Anyone use the C++ standard library?

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Post: #1
I was thinking of using the C++ standard library for lists, but I dont seem to find decent documentation on the GCC implementation... (as usual it's more a "come help us" than a documentation).

Do you think I can use the documentation of "wave software's" implementation?

http://www.tacc.utexas.edu/services/user...stdlib.htm

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Luminary
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Post: #2
does anyone /not/ use the C++ standard library?

I use SGI's docs: http://www.sgi.com/tech/stl/

but I really recommend this book: http://www.josuttis.com/libbook/index.html
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Post: #3
thanks OSC! I just discovered it's existance by chance, none of the tutorials I read mentioned it, they all implemented their own string class Rasp

There are so many basic things I dont know, I guess it just takes time. With simple tools like blitzmax you just have 200 keywords to know and that's it.

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Hog
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Post: #4
Those STL classes in particular that seem to be very useful to me are offically not supported at all (hash_map, in particular with strings as keys). I've had some negative experiences with the string class (as in weird crashes due to memory corruption). The rest of the stuff is ok i guess if you want to have a quick implementation of something, but i've not used much of it.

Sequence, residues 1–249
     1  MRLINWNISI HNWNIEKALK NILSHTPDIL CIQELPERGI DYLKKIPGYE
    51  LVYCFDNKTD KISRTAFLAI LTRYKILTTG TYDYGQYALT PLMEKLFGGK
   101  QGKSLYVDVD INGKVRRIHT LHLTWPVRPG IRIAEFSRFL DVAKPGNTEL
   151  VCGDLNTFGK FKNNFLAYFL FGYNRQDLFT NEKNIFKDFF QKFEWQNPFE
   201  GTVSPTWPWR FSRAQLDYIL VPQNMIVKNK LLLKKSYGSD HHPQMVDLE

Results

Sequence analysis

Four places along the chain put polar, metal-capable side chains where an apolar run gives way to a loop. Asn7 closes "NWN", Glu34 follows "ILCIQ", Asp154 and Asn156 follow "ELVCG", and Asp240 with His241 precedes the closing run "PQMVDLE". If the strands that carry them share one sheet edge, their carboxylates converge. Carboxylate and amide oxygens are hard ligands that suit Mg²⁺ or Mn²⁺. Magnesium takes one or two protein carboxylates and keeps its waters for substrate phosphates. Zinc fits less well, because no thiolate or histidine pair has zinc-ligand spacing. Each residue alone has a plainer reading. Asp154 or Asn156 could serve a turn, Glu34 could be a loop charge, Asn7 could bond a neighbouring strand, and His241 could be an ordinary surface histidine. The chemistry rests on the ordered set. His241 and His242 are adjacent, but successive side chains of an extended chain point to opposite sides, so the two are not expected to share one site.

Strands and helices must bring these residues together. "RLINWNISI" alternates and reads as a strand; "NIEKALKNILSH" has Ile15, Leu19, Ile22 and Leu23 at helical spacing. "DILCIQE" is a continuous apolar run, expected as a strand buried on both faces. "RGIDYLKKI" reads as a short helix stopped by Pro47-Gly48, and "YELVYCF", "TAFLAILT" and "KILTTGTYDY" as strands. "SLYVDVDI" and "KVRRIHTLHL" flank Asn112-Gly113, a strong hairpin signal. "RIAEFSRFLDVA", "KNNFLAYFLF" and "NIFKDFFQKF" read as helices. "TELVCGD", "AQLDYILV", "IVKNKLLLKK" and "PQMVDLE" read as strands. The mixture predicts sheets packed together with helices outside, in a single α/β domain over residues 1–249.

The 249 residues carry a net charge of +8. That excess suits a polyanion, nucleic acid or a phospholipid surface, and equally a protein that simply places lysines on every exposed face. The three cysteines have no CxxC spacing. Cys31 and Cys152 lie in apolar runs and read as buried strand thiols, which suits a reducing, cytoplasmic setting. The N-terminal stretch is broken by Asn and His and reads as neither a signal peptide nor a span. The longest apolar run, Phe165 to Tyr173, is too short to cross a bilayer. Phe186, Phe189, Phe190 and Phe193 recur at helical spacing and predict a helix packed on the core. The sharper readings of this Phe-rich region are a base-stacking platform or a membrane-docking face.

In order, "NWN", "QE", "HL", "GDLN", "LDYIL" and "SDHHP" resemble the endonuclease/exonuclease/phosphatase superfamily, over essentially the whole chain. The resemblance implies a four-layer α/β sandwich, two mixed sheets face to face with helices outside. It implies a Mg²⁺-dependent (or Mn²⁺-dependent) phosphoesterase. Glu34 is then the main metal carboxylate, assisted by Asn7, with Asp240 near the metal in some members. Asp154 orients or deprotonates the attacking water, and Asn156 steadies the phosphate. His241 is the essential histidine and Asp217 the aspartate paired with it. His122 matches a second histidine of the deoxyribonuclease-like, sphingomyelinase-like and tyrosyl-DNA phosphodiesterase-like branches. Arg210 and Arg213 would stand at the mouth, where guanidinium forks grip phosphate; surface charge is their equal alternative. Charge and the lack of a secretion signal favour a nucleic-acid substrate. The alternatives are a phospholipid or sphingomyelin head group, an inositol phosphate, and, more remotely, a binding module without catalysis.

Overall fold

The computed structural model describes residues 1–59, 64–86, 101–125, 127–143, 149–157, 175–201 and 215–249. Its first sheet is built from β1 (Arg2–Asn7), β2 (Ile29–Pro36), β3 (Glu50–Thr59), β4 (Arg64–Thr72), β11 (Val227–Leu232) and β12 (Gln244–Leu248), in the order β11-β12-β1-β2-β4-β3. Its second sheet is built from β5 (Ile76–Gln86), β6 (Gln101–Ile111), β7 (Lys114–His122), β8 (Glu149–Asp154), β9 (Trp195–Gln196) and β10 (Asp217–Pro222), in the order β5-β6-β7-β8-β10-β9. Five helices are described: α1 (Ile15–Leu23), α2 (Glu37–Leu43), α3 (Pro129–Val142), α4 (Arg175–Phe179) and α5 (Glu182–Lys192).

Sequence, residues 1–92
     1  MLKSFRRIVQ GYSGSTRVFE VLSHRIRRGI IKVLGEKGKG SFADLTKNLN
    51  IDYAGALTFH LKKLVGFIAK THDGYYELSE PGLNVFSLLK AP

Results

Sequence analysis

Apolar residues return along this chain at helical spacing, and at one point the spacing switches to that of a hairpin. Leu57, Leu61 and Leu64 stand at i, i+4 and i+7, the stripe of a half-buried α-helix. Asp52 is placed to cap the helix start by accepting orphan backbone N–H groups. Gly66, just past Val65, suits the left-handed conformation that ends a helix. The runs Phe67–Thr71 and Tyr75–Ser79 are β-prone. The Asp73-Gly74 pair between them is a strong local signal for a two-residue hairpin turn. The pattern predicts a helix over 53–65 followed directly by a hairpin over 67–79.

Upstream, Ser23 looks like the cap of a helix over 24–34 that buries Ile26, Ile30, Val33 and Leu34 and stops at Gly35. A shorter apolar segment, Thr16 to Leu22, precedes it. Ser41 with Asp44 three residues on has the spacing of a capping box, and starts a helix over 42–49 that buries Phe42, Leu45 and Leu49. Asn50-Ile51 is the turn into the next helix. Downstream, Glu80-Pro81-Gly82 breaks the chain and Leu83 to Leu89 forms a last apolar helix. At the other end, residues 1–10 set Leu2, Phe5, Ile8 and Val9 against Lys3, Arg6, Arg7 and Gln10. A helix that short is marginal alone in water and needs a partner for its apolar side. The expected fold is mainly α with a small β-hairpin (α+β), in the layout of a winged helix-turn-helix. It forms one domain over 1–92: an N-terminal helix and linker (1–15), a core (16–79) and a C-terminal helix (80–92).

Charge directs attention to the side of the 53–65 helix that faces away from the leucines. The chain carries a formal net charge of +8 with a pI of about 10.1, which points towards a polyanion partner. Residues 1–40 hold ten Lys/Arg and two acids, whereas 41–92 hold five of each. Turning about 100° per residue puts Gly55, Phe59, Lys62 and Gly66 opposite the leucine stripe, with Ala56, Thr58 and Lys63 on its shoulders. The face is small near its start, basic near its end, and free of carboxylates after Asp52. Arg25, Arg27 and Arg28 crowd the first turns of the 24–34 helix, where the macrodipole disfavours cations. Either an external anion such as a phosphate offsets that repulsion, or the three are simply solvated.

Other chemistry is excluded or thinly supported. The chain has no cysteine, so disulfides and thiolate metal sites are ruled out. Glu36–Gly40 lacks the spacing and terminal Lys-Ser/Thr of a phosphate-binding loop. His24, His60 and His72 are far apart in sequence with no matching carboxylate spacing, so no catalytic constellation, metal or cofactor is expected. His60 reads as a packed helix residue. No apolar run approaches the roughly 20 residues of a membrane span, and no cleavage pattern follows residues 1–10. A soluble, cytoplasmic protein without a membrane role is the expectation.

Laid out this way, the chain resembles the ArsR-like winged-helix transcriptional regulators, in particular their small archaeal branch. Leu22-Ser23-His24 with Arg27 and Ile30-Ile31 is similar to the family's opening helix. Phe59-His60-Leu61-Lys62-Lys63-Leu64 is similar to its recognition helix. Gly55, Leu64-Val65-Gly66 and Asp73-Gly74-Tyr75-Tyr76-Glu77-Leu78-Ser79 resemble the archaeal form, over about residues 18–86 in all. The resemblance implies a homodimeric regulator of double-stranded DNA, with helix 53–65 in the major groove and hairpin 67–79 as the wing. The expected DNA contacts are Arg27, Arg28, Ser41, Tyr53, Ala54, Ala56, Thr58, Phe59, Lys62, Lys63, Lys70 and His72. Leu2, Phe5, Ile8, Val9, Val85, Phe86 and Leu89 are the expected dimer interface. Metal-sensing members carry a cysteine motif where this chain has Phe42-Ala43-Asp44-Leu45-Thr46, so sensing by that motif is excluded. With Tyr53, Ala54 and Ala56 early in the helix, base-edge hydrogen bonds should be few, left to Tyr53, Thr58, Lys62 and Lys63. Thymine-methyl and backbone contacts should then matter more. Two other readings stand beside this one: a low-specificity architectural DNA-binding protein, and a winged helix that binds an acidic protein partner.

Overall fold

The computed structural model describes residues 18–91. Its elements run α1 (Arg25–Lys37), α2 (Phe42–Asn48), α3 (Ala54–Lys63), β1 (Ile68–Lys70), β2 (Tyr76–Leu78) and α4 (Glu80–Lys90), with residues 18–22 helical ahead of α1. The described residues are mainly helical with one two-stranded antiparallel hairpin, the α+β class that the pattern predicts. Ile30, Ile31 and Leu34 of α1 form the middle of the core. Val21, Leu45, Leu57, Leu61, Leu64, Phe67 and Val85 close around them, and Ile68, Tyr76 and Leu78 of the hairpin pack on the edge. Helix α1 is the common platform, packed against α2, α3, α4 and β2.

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Post: #5
I use them, but not for rapid memory access... I wouldn't use them for example, for a mesh.

It's not magic, it's Ruby.
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Post: #6
Quote:report on the C++ Library Extensions TR1, the next version of the Standard Libraries.
...
Austern explained changes in function libraries, built-in random number generators, and hash tables, which are now called "Unordered Associative Containers."
...
As currently proposed, regular expression handling in the C++ libraries will be similar to the Python model. The syntax is based on ECMAscript; it includes many options such as alternate syntaxes. (A PDF of the TR1 proposal is available here.

The language update schedule is indeed a slow one. The cutoff for C++0x proposals has just passed. Proposals are due in October 2006 for TR2. The cutoff for the C++0x "cleanup" are due by April 2007.

"If you have ideas for new C++ libraries," Austern said, "Now would be a good time to submit them."

From http://www.eweek.com/article2/0,1895,1884735,00.asp
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Post: #7
I'm crazy and usually do everything myself. (such as linked lists, trees etc.) I suppose I could use the standard library, but this way I know it will do everything I want exactly how I want. Plus I learn a bit at the same time.
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Post: #8